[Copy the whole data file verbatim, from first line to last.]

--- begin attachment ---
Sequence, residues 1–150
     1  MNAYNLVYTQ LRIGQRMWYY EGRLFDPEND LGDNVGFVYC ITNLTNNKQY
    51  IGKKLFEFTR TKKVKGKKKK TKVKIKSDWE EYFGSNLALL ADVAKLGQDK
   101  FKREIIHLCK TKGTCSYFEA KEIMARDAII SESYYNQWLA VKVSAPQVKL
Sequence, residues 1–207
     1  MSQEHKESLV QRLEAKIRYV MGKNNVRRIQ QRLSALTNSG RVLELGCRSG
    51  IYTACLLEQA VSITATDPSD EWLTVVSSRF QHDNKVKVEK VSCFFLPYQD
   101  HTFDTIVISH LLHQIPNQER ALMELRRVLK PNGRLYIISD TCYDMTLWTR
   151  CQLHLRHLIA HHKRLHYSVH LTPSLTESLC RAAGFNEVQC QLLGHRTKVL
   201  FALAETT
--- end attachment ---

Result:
Sequence, residues 1–150
     1  MNAYNLVYTQ LRIGQRMWYY EGRLFDPEND LGDNVGFVYC ITNLTNNKQY
    51  IGKKLFEFTR TKKVKGKKKK TKVKIKSDWE EYFGSNLALL ADVAKLGQDK
   101  FKREIIHLCK TKGTCSYFEA KEIMARDAII SESYYNQWLA VKVSAPQVKL
Sequence, residues 1–207
     1  MSQEHKESLV QRLEAKIRYV MGKNNVRRIQ QRLSALTNSG RVLELGCRSG
    51  IYTACLLEQA VSITATDPSD EWLTVVSSRF QHDNKVKVEK VSCFFLPYQD
   101  HTFDTIVISH LLHQIPNQER ALMELRRVLK PNGRLYIISD TCYDMTLWTR
   151  CQLHLRHLIA HHKRLHYSVH LTPSLTESLC RAAGFNEVQC QLLGHRTKVL
   201  FALAETT